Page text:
This facility appears as a new kind of machine for conserving the physical environment, not unlike machines developed for mining, farming and transport in the twentieth century; the skeletons of which are evident in many agricultural and industrial landscapes, particularly around Winton. The detailing of the facility is clear and honest and there is a utilitarian logic to the placement and junction of building materials and services. The ESD features of the facility are simultaneously expressed but integrated into the design of the buildings. Photovoltaic cells double as a verandah roof and collect energy for the exhibition and other lights in the building. Large rainwater tanks are expressed near the entry of the main building and articulate the northern elevation and provide a shady undercroft in which wallabies rest. The water is used for minimum pumpflush toilets, drinking and building maintenance. Rammed earth walls help to stabilize the extreme temperatures in Western Queensland and heighten the experience of being inside a giant thermal regulator: an esky, or a exhibition box for a precious artefact.

Gall and Medek’s Trackways Facility at Lark Quarry contributes to a small collection of buildings in Australia which are grappling with the interpretation, aesthetic, and the keeping of dinosaur remnants in their original location. As such the facility moves toward a new typology derived from the museum, but at the place of the palaeontological site, removed from an urban setting and the services and administration that are usually accompany a museum. Moreover, the facility demonstrates paramount ESD principles in a large project of a type for which there is no existing Australian precedent. The facility does not draw upon the language of vernacular domestic architecture of the region (or of dinosaurs – thankfully), but it does refer to the language of local industrial architecture and has been created to support a growing industry in rural areas: tourism. This is not a building for people to inhabit. It is a container for reflecting upon and conserving fossils.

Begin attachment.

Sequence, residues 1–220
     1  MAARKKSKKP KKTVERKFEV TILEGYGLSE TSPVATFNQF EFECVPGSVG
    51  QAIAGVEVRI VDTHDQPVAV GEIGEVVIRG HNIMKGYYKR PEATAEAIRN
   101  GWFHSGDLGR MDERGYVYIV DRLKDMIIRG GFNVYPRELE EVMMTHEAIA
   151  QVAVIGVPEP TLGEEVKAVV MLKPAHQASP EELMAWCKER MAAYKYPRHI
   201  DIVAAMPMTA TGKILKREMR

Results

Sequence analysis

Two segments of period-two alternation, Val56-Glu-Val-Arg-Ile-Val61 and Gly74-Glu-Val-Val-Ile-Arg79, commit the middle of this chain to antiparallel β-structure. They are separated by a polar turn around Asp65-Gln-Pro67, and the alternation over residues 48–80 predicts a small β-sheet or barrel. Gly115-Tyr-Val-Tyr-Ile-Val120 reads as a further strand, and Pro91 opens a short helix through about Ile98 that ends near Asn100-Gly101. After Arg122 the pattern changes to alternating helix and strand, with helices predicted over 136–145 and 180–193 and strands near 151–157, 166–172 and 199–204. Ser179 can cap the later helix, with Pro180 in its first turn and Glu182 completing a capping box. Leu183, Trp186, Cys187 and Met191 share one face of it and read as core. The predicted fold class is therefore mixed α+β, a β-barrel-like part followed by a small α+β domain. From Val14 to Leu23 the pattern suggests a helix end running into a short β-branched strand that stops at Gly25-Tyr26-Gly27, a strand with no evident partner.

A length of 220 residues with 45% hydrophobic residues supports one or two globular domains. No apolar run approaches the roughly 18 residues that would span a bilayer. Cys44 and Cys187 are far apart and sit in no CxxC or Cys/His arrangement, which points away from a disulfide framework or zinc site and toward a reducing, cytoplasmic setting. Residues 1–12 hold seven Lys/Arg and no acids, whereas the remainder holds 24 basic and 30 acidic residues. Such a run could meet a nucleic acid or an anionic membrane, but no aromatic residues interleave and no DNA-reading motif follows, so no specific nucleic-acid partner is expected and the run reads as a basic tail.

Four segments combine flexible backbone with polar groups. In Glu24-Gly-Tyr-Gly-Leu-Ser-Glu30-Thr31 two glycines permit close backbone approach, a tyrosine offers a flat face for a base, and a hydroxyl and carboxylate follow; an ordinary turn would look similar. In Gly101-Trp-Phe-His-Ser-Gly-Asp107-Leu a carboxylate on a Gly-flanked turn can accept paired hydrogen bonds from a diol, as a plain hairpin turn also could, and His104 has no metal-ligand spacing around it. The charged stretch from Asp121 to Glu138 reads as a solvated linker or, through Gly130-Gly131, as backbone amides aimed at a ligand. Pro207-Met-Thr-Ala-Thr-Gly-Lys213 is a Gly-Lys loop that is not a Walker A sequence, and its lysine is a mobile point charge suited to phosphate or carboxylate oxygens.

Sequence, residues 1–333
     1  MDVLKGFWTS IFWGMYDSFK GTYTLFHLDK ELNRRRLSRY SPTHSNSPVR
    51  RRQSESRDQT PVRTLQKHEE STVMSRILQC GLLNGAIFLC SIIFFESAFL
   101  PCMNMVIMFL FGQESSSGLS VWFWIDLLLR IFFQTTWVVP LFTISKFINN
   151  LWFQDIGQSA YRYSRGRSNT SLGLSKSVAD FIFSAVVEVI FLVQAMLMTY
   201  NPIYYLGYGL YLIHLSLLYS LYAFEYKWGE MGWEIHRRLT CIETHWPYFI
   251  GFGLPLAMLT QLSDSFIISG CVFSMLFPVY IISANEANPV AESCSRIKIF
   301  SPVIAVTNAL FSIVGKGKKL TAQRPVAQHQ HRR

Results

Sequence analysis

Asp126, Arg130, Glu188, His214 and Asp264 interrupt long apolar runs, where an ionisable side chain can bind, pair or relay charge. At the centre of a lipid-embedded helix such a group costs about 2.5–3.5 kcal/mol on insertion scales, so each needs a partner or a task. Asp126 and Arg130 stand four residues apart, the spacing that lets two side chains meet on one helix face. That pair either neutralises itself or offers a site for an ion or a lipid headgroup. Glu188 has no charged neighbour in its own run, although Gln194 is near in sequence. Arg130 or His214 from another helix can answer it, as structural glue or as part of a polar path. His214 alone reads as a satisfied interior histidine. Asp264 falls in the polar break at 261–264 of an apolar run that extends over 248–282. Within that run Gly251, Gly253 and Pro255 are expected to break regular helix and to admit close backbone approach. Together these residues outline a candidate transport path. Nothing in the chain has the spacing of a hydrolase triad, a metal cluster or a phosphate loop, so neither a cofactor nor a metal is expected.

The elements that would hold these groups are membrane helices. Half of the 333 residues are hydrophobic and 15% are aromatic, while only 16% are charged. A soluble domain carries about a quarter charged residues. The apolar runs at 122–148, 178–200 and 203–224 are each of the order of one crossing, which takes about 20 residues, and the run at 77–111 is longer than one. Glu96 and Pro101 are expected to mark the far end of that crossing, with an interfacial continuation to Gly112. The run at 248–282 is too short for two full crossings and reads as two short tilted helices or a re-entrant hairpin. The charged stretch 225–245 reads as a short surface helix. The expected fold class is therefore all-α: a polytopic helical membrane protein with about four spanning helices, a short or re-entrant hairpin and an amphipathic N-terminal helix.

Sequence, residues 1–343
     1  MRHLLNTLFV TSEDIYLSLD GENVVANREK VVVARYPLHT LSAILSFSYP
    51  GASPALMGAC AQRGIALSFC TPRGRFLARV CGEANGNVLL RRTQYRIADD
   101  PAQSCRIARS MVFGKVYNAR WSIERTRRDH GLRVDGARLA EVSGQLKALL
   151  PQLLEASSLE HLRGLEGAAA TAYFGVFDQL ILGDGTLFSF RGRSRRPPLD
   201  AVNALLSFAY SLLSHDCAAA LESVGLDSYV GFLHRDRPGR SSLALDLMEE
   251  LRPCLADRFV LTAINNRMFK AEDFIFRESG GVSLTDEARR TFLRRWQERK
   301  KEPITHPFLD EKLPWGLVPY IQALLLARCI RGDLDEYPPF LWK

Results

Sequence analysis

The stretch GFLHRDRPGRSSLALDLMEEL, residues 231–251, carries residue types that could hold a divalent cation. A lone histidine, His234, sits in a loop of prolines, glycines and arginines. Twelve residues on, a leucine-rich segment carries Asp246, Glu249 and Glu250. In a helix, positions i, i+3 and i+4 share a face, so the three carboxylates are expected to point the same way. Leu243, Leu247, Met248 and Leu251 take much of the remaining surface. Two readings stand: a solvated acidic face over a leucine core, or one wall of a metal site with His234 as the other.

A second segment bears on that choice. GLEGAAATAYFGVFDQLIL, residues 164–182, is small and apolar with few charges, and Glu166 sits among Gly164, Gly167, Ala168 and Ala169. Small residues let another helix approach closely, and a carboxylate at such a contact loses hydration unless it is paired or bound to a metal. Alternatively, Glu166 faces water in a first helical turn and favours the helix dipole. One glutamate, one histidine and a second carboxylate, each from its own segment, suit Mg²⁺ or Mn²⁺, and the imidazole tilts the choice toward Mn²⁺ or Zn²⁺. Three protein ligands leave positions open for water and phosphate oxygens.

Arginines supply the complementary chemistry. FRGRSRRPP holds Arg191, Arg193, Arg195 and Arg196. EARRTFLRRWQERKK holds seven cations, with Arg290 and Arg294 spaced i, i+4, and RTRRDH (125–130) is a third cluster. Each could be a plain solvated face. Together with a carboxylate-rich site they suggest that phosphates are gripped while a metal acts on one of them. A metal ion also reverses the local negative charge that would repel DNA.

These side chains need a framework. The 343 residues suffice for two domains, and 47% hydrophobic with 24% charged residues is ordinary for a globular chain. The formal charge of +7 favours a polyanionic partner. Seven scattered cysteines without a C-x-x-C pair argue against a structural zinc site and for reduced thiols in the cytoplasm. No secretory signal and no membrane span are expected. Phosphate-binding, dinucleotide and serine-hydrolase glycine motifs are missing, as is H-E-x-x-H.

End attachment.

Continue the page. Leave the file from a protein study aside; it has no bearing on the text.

Credits

Architect
Gall and Medek Architects
Project Team
Jim Gall, Stephanie Skyring
Consultants
Construction Hutchinson Builders—Len White, Paul Hart, Lionel Mitchell
Energy consultant Integrated Energy Services—Andrew Aitkin
Graphic art See Saw Designs—Adrienne Williams
Hydraulics Hamilton Design Group—Greg Hamilton
Interpretation, communications Econnect—Lin Martin
Lighting and electrical engineers Integrated Energy Services—Andrew Aitkin
Palaeontology Queensland Museum— Alex Cook
Passive thermal modelling Solar Logic—Holgar Wilrath
Quantity surveyor Flavio Costanzo and Associates
Rammed earth Greenway Architects—David Oliver
Site management David Meakin, Len Marshal, Leanne Bowen
Structural engineer McWilliam and Partners—Greg Clowes
Surveyor A. J. and M. K. Hoffman—Tony Hoffman
Tourism business management A.T.S. Group—David Young, Richard Brennan
Site details
Category Commercial / public buildings
Project Details
Status Built
Client
Client Winton Shire Counci—Peter Klewl

Source

Archive

Published online: 1 Sep 2003
Words: Shaneen Fantin

Issue

Architecture Australia, September 2003